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The Joint Operating Agreement

"Quarters of the news editor", one a group of four photos in the brochure Seattle and the Orient (1900) collectively captioned "The Seattle Daily Times—Editorial Department"

From 1983 to 2009, the Times and Seattle's other major paper, the Hearst-owned Seattle Post-Intelligencer, were run under a "Joint Operating Agreement" (JOA) whereby advertising, production, marketing, and circulation were controlled by the Times for both papers.<ref name="overview" /> The two papers maintained their own identities with separate news and editorial departments.

The Times announced its intention to cancel the Joint Operating Agreement (JOA) in 2003, citing a clause in the JOA contract that three consecutive years of losses allowed it to pull out of the agreement.<ref>{{#invoke:citation/CS1|citation |CitationClass=news }}</ref> Hearst sued, arguing that a force majeure clause prevented the Times from claiming losses as reason to end the JOA when they result from extraordinary events (in this case, a seven-week strike by members of the Newspaper Guild). While a district judge ruled in Hearst's favor, the Times won on appeal, including a unanimous decision from the Washington State Supreme Court on June 30, 2005.<ref>"The Seattle Post-Intelligencer, Court sides with Seattle Times in JOA dispute"</ref> Hearst continued to argue that the Times fabricated its loss in 2002. The two papers announced an end to their dispute on April 16, 2007.<ref>{{#invoke:citation/CS1|citation |CitationClass=news }}</ref>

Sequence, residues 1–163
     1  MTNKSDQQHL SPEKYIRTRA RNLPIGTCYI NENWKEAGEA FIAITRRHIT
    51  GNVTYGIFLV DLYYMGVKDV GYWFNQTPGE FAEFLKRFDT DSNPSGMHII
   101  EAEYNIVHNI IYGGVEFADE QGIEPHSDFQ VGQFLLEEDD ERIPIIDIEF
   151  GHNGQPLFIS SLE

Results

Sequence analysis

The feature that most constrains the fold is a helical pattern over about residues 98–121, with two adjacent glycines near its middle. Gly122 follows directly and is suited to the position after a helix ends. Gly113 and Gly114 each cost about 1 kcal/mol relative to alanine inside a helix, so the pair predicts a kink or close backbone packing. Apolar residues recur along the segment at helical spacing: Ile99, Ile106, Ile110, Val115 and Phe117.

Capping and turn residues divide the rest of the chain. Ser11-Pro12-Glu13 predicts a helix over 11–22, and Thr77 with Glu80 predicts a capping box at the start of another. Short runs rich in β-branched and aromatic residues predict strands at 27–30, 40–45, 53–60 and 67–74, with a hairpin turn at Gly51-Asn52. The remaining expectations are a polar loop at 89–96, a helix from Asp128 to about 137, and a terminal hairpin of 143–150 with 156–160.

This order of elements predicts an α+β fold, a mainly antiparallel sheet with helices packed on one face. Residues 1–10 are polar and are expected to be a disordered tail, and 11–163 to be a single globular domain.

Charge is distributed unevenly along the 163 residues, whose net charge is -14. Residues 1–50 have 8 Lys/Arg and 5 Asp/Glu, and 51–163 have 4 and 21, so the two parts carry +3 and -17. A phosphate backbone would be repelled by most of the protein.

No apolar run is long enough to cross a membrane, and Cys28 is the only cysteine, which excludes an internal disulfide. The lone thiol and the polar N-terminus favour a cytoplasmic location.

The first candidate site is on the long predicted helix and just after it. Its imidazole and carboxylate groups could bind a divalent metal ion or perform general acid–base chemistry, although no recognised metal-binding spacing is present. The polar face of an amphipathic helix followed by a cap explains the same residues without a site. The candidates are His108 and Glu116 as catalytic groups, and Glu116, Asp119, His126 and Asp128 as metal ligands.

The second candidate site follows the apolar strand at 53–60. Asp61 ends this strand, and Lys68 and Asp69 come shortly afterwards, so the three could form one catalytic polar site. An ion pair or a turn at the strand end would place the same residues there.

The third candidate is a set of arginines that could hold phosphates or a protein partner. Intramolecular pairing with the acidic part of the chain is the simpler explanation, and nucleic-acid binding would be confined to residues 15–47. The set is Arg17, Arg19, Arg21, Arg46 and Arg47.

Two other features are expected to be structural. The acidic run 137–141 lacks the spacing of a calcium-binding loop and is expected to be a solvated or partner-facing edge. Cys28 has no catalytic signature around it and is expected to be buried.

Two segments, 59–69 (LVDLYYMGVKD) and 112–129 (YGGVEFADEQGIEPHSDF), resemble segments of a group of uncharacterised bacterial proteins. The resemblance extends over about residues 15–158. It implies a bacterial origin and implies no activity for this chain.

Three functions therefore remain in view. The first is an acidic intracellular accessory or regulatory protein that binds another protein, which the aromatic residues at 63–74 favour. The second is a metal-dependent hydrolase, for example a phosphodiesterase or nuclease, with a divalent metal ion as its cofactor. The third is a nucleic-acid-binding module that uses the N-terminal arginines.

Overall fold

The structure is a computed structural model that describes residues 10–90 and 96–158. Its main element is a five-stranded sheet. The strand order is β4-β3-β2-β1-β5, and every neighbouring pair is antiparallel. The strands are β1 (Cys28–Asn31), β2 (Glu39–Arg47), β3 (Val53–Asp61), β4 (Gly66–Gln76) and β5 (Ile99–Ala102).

This arrangement JOA was terminated when the Post-Intelligencer ceased publication; its final printed edition was March 17, 2009.


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The Joint Operating Agreement
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